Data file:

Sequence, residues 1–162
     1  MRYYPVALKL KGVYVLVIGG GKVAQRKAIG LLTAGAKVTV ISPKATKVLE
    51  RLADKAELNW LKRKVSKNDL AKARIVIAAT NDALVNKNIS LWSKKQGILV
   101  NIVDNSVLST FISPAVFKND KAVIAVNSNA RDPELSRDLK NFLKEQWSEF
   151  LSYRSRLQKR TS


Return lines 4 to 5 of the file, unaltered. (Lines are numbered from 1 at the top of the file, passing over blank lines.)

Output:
   101  NIVDNSVLST FISPAVFKND KAVIAVNSNA RDPELSRDLK NFLKEQWSEF
   151  LSYRSRLQKR TS